--White and Slaton rank fourth and fifth respectively in career rushing touchdowns at West Virginia. Slaton has 38 and White has 28.
--The duo rushed for a combined 2,646 yards and 34 rushing touchdowns in 2006.
--White holds the top three single-game rushing marks by a quarterback in Big East history.
It can go on and on.
"Both of them are deserving of the [Heisman]," Friedgen said. "They're two really great football players. I can't remember playing one team that had two candidates."
Slowing the two down is not an easy task by any stretch of the imagination. But it's not an overly-complex one either. West Virginia's scheme is designed to punish defenses that don't play disciplined and end up out of position. The task is made harder with White and Slaton's elusiveness, but exploiting those missed assignments is what its offense thrives on.
"We can't try to do too much," said defensive tackle Dre Moore. "We got to do our job on the defense and play our position."
If you want to get technical—and the coaches do—the defense needs to maintain "gap integrity" and play "assignment-sound" football. In layman's terms, it loosely means "stand your ground" and "play in position." It sounds simple enough, but then there's the task of tackling them, especially when it's one-on-one in the open field.
"When you got dangerous runners they're going to break a lot of tackles in the open field," Cosh said. "That's how they became dangerous runners."
Tackling was a major issue against West Virginia last year and in other games during the season. Cosh said he saw it improve as the season wore on and it has been good through two games this season.
The key tomorrow is to just keep the Mountaineers offense in check. It won't be completely stopped and it will score its share of points, but limiting the big plays and keeping White and Slaton off the field is the only way Maryland will have a chance at a victory.
"The longer they're on the field, the better their chances," Friedgen said. "To me I'd like to have one of those old boring games—2-0."
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White and Slaton: the Maryland version
Down the road, Josh Portis might make a formidable dual-threat quarterback for Maryland. But this week, he's playing the part of the competition.
There's really no way to completely prepare for the prolific West Virginia backfield of Pat White and Steve Slaton—they bring an almost unmatched dynamic to the field. Portis—for good or bad—is reportedly doing a fine White impression in practice with the scout team.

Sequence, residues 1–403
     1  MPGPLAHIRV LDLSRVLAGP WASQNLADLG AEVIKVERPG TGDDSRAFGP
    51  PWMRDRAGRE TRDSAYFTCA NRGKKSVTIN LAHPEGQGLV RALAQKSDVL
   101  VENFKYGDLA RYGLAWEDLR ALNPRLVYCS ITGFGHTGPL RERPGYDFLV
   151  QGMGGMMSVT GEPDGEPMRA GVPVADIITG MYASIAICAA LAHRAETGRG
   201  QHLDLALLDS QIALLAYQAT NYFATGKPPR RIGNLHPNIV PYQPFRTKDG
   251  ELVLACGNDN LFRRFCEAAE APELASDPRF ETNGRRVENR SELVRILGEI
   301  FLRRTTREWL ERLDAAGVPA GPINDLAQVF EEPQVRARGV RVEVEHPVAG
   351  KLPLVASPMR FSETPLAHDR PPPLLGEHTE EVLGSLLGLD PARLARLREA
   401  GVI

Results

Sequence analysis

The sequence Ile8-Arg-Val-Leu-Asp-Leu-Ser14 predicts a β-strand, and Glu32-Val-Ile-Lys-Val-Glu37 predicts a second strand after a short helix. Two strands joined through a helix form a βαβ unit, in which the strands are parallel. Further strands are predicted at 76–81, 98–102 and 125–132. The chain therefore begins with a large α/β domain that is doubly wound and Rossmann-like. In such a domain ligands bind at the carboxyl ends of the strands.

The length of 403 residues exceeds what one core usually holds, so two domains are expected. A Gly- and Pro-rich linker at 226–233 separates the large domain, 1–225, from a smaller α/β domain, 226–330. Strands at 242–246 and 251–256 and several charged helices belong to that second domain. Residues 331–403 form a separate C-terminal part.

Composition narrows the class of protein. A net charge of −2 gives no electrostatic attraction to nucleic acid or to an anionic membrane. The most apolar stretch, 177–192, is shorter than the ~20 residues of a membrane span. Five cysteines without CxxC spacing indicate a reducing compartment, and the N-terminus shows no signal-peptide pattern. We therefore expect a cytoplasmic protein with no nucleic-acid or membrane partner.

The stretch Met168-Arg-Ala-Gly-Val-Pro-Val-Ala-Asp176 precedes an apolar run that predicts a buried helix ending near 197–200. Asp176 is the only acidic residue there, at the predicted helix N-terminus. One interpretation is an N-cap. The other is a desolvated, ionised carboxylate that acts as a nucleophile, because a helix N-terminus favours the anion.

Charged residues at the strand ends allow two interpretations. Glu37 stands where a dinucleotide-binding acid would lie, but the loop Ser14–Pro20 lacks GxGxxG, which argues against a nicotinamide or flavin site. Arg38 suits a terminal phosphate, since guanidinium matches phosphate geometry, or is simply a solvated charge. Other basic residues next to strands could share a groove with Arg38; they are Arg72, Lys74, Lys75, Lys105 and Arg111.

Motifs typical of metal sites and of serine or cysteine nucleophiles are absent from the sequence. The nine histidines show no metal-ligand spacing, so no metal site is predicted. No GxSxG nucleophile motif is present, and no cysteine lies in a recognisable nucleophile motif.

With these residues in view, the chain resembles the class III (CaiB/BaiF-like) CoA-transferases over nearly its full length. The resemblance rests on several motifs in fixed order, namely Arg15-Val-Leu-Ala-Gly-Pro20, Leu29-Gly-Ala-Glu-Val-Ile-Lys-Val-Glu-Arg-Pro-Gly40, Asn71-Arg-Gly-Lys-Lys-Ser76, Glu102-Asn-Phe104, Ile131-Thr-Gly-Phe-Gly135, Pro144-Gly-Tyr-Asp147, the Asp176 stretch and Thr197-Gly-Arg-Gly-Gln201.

"He's been very electric out there himself. He's very elusive," said defensive coordinator Chris Cosh.
"We ran a couple of quarterback draws [Monday] and he's cutting it back and forth, and as a defense we're getting mad because we're running all over the field," defensive tackle Carlos Feliciano said.
At 6-foot-4, 210 pounds, Portis is a little bigger than White, but his speed and elusiveness is about equal. During camp coach Ralph Friedgen repeatedly praised his athleticism and even shook his head in disbelief at some of the things he did in practice. Portis acted as White on the scout team leading up to last year's West Virginia game too.
Portis was ruled ineligible for the season two weeks ago, so maybe the defense would have the liberty of giving him a little more contact than quarterbacks are used to in practice.
"We wrap him up, we don't… We want him to be able to run the next play," Cosh said.
Pha'Terrell Washington, a speedy cornerback-turned-running back, is acting as Slaton. And again, for good or bad, he's doing a good job of it.
"Man, he's been cutting it all up on us--tearing us up," Feliciano said. "We're getting a little mad, but he's only making us better."
Washington's understudy is Bowie State transfer Rashad Henry, who reports a sub 4.4 forty time. Or maybe Henry's acting as Noel Devine, West Virginia's other explosive threat out of the backfield. It remains to be seen, though, how much time the true freshman Devine will see Thursday.
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Gameday Central: Maryland vs. West Virginia